Dear Readers, well here we are, back in East Finchley, and the wind has been something of a feature of the last few days. You might possibly remember that the airport in Austria that we travel home from, Innsbruck, is a Category C airport, which means that the pilot needs special training to land there – the descent involves travelling along the Inns valley, with mountains on either side, regular risks of thunderstorms and strange wind conditions, especially when it’s hot (about 97 degrees at the airport yesterday). Our flight was delayed by about 90 minutes, and on the live tracker we could see it flying over Innsbruck and then circling around to try to find a better approach. Unfortunately for the people waiting for a flight to Frankfurt, their flight couldn’t find a way to land at all – when we left, the passengers were still waiting in Innsbruck while their plane was in Munich. Such are the delights of air travel these days, and the irony that the heatwave in Spain and Portugal was caused by climate change (in part caused by air travel),exacerbated by it being an El Niño year, wasn’t lost on me. I worry about all the people jetting into Greece, Spain and Portugal this summer and being unprepared for what 47/49 degrees Centigrade feels like.
Anyhow, after a bumpy ride, we finally got home, only to see this fallen tree outside the house next door. It’s been windy in the UK (winds up to about 55 m.p.h) which wouldn’t be a problem in winter when the trees are bare. Sadly, at the moment they’re in full leaf, so the leaves act like a parachute, catching the wind and pulling the tree over. The one in the photo is an Amelanchior canadensis – you might remember that it was already at a peculiar angle, which doesn’t help.
It doesn’t ever seem to have been propped up, but then when I looked at the bottom of the tree, it seems to be completely rotten – the portion still in the ground had a mushy texture.
Interestingly, two other street trees blew over in East Finchley yesterday and one of the others was reported to have been rotten at the base as well (it was a much larger, more well-grown tree than the one in the photo). I wonder what’s going on? Are the trees already diseased when the council buys them from the nursery, or is it the conditions that are weakening the trees (drought, air pollution, run-off) that makes them more likely to contract fungal/viral/bacterial diseases? ‘Our’ tree looked fairly healthy except for some crisping of the leaves, but clearly it wasn’t. Was it just the wrong tree in the wrong place? It would be interesting to find out.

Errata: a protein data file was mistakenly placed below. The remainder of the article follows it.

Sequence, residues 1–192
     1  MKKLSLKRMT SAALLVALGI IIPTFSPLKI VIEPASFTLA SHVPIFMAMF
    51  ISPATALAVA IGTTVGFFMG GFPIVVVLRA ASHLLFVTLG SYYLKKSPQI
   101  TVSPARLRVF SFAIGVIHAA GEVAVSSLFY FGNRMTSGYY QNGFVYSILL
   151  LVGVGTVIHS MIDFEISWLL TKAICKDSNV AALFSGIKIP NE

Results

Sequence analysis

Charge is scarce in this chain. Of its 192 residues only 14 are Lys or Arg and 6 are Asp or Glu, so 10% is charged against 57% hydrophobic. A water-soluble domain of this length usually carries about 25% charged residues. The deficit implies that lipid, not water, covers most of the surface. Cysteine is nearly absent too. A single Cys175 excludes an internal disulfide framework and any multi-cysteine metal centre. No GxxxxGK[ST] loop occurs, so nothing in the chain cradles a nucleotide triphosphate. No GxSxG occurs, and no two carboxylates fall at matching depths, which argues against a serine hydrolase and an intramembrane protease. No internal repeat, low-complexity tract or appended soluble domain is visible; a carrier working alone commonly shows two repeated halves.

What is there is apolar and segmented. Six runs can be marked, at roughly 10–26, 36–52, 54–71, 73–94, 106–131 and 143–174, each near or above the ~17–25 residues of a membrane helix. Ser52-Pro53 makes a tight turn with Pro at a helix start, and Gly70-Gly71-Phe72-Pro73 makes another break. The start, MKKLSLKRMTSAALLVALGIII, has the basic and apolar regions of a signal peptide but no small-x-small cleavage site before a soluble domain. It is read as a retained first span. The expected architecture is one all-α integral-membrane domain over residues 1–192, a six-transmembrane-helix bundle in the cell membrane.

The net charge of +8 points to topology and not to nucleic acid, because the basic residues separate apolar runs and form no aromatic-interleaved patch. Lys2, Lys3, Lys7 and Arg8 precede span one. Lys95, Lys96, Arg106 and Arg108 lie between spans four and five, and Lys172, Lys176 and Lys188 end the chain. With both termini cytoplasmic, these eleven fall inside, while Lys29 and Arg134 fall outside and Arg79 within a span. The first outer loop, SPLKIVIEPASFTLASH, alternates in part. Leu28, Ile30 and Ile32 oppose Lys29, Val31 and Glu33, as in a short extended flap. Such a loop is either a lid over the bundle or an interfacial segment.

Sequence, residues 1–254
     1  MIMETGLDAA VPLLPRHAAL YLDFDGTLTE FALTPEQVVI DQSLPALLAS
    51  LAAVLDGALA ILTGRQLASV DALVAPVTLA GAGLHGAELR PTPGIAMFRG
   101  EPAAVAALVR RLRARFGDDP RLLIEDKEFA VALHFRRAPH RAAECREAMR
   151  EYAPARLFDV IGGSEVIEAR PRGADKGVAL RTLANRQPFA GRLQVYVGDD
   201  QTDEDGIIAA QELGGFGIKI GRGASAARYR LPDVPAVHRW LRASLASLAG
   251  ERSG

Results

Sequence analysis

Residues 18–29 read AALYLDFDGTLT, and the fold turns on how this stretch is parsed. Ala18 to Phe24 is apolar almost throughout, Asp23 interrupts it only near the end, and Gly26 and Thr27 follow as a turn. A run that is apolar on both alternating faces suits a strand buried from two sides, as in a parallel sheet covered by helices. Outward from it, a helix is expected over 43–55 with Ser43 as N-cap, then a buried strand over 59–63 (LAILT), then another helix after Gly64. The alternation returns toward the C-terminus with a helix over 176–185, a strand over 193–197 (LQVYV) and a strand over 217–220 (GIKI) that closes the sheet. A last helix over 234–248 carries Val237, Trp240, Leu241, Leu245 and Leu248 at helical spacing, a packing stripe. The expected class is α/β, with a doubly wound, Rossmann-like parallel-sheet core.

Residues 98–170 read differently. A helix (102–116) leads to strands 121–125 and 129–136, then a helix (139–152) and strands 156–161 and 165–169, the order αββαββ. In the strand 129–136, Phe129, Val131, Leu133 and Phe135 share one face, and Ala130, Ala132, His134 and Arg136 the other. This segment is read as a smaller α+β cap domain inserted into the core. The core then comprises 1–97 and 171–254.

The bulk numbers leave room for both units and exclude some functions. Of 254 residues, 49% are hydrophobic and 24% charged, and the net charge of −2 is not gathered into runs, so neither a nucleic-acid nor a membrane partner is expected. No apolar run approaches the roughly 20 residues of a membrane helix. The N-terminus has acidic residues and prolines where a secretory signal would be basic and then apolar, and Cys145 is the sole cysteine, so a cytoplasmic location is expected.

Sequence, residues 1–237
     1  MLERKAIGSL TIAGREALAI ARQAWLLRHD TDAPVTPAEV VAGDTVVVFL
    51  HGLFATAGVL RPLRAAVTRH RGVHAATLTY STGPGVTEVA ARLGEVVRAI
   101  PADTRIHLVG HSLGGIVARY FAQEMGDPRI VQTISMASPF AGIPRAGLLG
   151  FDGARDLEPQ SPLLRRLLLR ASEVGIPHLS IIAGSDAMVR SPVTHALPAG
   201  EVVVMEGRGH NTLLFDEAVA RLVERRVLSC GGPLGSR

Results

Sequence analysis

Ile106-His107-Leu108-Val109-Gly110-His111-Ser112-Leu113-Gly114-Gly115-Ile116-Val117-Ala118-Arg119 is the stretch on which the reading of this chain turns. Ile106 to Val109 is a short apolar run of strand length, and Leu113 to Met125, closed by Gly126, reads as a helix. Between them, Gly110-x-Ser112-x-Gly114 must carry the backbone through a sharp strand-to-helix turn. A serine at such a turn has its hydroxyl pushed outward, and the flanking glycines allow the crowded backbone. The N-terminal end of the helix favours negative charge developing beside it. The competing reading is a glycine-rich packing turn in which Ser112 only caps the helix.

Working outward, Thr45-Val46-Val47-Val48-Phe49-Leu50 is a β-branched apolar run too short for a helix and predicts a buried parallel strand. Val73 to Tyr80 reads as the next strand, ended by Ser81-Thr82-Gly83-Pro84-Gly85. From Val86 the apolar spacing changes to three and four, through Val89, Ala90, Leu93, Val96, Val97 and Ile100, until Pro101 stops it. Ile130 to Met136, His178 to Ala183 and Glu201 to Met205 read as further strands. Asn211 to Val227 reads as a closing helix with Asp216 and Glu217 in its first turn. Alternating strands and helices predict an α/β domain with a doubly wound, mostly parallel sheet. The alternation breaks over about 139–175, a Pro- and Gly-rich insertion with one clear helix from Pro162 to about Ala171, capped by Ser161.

And in other news, our cat Willow was so pleased to see us after two weeks that she decided it would be appropriate to sing the song of her people to us every half an hour throughout the night. Readers, I doubt I got more than twenty consecutive minutes at any point. She is completely deaf which doesn’t help with the volume. Hopefully she’ll settle down over the next few nights, otherwise it’s the ear plugs for me. She has also taken to standing in her litter tray with her bum sticking out and creating an attractive water feature all over the floor. Well, she is the cat equivalent of about 91 now, so we will cut her some slack, but it’s off to the vet with her next week for a check up. I know that if she is getting the cat equivalent of dementia there isn’t much we can do, but let’s see if it’s something else. In the meantime, she is very keen to investigate the fallen tree. You wouldn’t think she was 91, would you? I hope I’m still as bright-eyed and bushy-tailed if I get to live that long.